Yesterday I found out a couple of young people I know are somewhere in New Zealand. They haven't been heard from since the quake. They were supposed to be out hiking the day of the quake. If they got off on time, they are probably okay, just out of touch because they are off in the wilderness. There was some concern that their trip may have been delayed, stranding them in Christchurch. If so, their disappearance takes on a more ominous turn. Really hope they are fine.
We live in the middle of nowhere, far from big cities or any other place normally thought of as an International crossroad. In spite of that, we seem to know people in nearly every trouble spot of the world. Yesterday, I asked my wife if we knew anyone in Libya. We don't. It's a relief.
Cheap energy made it possible for normal working class people to travel. How many people fly for their job? It's a small world.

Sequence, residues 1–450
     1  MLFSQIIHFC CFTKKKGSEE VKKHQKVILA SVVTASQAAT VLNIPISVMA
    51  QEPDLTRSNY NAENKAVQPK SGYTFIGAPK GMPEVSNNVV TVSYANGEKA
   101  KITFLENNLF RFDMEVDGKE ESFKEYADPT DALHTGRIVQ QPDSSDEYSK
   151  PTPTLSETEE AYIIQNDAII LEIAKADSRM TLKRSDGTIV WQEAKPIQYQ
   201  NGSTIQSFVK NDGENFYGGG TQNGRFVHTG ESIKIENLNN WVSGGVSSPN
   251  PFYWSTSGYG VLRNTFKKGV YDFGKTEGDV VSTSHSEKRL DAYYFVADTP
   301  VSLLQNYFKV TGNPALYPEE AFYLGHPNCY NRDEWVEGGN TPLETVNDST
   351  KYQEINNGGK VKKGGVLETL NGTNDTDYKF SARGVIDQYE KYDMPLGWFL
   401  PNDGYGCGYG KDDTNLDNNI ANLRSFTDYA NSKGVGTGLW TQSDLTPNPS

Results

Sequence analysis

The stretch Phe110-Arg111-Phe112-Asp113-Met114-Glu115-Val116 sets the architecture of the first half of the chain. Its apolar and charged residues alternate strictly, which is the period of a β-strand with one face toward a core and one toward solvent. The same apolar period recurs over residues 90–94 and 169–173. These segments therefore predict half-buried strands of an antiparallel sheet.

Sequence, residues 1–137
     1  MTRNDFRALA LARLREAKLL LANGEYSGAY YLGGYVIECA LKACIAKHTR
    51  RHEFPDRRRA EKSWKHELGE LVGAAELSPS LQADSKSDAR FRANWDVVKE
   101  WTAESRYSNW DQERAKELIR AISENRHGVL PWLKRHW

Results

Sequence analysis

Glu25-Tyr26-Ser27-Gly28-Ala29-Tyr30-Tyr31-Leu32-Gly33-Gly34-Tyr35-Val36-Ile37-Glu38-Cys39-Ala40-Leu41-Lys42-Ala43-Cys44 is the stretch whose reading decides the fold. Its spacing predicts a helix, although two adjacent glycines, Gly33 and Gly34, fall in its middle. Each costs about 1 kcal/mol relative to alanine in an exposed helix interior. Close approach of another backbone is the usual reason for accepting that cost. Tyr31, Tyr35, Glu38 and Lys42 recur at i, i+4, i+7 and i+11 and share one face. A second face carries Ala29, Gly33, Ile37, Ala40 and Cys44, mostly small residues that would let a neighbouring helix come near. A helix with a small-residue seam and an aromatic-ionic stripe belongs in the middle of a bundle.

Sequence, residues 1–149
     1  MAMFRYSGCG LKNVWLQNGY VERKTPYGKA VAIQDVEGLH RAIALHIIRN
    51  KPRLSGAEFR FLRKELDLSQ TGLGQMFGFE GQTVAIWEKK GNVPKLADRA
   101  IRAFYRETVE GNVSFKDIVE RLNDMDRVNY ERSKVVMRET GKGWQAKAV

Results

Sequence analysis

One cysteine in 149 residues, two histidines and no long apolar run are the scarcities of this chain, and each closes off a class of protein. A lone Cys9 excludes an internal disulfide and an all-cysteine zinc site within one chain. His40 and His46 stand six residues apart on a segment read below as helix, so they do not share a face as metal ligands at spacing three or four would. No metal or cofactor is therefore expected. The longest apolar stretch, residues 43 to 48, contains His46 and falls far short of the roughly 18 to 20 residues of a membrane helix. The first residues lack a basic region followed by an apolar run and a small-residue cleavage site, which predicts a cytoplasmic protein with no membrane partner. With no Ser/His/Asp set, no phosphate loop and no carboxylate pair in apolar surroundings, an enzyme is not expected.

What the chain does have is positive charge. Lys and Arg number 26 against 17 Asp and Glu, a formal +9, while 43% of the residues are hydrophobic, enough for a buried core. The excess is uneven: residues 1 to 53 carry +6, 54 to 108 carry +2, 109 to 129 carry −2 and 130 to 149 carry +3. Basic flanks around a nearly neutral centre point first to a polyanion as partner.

How much longer will it be a small world? My wife was going though the local history of our small village. It wasn't too long ago a eight mile trip to the next town was an all day adventure. Horses can only travel so far, so fast.
Liquid fuels are used for travel. We might be able to keep the lights on with domestic coal, hydro, and nuclear power, but those energy sources don't fuel our cars or planes. A significant amount of liquid fuels come from unstable far away places. What domestic production we have will be most likely be rationed for government use. If we are lucky, the ambulances, and firetrucks will be a priority. Personal travel will be a rarer, slower, and more expensive pursuit.
As energy prices rise, the world becomes a bigger place. The circle of people we know will shrink. Personal connections to distant places will diminish. Even though I worry about friends in far away places, at least they experience a wider world.
Take This For What It's Worth (a link)
5 hours ago